Vote on HS2 would be quicker

Let’s have a High Speed 2 referendum to save time.

  • Colin Davies (F), 59 Heath Road, Potters Bar, Hertfordshire EN6 1LR



High standards should apply to all our work

The article on the Flamanville Nuclear Power Station (NCE 12 September) refers to problems with poorly compacted concrete and reinforcement bars not being arranged as indicated on the drawings. This is not rocket science, nor even conventional good practice!

My first mentor, Sir Christopher Hinton FICE, a pioneer of British nuclear energy, used to say that there were enough novel features to deal with on the nuclear side of the business and so the conventional engineering aspects of his projects were to be to the highest standards of design, construction and inspection.

It is to be hoped that, when the next nuclear power station is built in the UK, these principles are not forgotten.

  • Peter Tinsley (F ret), Monk’s Way, Calderbridge, Seascale, Cumbria CA20 1DN



Tunnelled transport is the future

Hyperloop: Inspiration

Hyperloop: Inspiration

I read your recent article on the US Hyperloop’s bid to challenge air and rail travel with interest (NCE 28 August), even if Elon Musk’s proposal may be short on aerodynamic reality.

My interest is that in some respects it parallels my own long standing thoughts on a future transport system, now pertinent to High Speed 2.
The key is the tunnel idea.

Tunnelling is getting cheaper, while land in the UK is getting expensive both in financial and environmental terms.
We have developed a motorway system with carefully configured curves both in the horizontal and the vertical plane. What better place to put a new transport system than beneath this. Cut and cover excavation on one carriageway would be expensive and disruptive, but land acquisition cost and environmental impact would be minimal.

Assuming that the new railway line ended up at a new international airport, perhaps in the Thames estuary as proposed, then the spoil would provide the fill that was needed for such a project.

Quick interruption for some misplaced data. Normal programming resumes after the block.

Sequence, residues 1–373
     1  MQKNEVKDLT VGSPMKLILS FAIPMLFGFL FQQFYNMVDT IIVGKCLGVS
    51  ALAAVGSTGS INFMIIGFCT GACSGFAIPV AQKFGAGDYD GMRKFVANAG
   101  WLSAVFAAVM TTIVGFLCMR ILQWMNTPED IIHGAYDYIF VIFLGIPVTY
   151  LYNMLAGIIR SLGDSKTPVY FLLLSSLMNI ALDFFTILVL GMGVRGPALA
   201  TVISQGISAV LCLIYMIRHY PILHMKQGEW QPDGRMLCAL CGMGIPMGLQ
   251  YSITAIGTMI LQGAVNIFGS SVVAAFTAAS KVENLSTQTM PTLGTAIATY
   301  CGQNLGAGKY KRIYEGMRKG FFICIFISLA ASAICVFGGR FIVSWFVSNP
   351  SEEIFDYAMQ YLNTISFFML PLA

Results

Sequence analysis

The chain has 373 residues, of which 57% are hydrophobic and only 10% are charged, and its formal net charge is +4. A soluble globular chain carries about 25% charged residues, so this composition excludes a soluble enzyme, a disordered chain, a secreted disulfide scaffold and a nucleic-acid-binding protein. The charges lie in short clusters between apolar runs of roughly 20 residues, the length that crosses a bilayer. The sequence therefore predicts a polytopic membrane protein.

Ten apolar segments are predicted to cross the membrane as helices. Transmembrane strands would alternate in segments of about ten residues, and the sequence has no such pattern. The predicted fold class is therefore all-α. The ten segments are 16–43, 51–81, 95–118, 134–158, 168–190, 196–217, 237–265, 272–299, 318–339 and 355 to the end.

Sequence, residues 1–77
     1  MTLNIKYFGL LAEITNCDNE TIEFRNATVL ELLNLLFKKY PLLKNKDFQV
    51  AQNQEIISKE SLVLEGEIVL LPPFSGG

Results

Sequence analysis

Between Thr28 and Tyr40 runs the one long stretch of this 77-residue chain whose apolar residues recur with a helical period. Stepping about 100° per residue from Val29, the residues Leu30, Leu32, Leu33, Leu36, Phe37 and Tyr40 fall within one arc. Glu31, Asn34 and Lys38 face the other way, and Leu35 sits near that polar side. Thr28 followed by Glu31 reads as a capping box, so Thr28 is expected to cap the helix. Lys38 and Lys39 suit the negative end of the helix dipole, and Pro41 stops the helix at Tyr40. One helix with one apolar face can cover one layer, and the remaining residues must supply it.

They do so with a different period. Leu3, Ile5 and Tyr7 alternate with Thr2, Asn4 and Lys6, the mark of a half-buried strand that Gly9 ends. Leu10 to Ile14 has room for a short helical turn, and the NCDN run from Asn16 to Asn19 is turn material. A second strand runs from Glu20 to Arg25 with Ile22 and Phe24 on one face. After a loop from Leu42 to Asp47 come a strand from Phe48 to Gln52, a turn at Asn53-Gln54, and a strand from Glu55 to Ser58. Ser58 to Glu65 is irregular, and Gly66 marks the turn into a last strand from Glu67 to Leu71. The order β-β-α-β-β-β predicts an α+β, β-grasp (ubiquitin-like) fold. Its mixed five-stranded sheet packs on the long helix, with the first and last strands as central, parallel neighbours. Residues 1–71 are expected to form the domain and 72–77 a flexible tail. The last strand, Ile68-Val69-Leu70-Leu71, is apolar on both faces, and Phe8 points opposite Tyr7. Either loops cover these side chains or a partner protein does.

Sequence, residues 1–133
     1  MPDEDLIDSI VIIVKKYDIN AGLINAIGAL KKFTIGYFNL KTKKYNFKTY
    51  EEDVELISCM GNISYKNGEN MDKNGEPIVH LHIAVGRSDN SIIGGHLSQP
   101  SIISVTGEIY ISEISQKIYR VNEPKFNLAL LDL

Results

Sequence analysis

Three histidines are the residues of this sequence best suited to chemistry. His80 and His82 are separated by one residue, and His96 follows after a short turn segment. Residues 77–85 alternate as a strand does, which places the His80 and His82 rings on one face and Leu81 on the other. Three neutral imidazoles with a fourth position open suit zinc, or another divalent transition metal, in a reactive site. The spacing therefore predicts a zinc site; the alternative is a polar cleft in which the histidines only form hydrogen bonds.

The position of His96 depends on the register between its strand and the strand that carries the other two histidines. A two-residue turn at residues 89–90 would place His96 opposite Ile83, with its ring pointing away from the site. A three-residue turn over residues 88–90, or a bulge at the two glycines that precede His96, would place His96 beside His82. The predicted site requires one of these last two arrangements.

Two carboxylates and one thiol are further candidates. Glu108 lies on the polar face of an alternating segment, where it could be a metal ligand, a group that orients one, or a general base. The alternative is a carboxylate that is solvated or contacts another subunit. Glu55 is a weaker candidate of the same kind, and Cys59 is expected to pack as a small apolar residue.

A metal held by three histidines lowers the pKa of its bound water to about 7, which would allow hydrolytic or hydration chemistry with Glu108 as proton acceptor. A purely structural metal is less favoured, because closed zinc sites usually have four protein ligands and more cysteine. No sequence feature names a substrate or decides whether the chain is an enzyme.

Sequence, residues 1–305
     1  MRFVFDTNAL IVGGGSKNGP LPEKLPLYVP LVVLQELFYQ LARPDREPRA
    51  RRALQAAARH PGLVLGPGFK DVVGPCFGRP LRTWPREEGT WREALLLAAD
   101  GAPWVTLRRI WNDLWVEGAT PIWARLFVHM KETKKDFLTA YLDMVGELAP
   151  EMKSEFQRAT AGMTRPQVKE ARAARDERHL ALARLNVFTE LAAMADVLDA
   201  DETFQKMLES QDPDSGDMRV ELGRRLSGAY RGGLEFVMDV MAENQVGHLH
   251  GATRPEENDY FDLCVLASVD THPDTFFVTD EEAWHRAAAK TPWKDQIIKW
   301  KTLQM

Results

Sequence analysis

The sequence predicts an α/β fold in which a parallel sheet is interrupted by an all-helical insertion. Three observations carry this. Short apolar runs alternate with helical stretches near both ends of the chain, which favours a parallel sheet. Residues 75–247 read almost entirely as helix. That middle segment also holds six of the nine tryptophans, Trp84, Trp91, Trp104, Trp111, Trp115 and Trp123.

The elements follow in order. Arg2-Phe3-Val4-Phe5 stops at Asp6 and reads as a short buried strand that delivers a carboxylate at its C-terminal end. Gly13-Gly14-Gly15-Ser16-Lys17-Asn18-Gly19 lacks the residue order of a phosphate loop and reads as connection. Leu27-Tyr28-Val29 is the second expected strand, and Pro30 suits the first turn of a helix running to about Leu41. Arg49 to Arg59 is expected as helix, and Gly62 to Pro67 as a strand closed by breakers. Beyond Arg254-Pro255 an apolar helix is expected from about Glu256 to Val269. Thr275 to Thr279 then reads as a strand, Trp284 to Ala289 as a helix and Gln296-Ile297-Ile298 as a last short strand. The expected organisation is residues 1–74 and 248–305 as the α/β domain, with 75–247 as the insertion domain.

As for the track, it could retain the trusted 250 year old double rail system, or it could be cleverer than that. This is the 21st century, we have new materials, we have a greater knowledge of both structure and aerodynamics.

There is a new tunnelled transport system waiting to be developed, perhaps the sketches by Elon Musk are at least a starting point.

  • JK Edgley (G), director, AeroElvira, Furzelease Farm, Tisbury Row, Tisbury, Salisbury, Wiltshire SP3 6RZ



Soulless management speak

We have over the years become accustomed to the change in title from “site agent” to “project manager” with the subsequent confusion of the client, supervision consultant and the contractor all having PMs.

However, I was shocked to hear on BBC4 the other day that on completion of the new Queensferry Crossing across the Forth, the traditional title of the “bridge manager” of the Forth Road Bridge will be lost and become “asset manager”.

Is civil engineering being subsumed by management speak?

  • Richard Tomkins (F), 27 Denmark Road, Wimbledon SW19 4PG



The times have changed

On reading the article about visitor facilities on the Forth Bridge, I was reminded of when I used to conduct visitors over the bridge back in the 1950s.

I was a member of the bridge department of British Railways in Scotland and I was asked occasionally to conduct visitors over the bridge on a Saturday morning.

We would meet at Dalmeny station at the south end of the bridge and walk alongside the track, out to the masonry entry arch at the end of the south cantilever. Visitors had the choice of climbing to the top of the cantilever or continuing alongside the track to the north end of the bridge. The bridge foreman escorted those who remained at track level and I took the remainder up the slope to the top of the cantilever tower via a narrow timber gangway inside the top member.

From the top we continued back down the slope to the track level and walked along to the middle of the central cantilever tower where there was a hatch in the bridge deck, which led to a timber staircase down to Inchgarvie Island on which the tower rests. Then, it was back up the staircase to track level and on the to north end of the bridge at North Queensferry.

Visitors were charged one shilling (5p) and were given a brochure. There was no financial outlay by British Railways in providing this facility. Changed times.

  • John Christie (F rtd), 4 Vine Walk, Staplehurst, Kent TN12 0BQ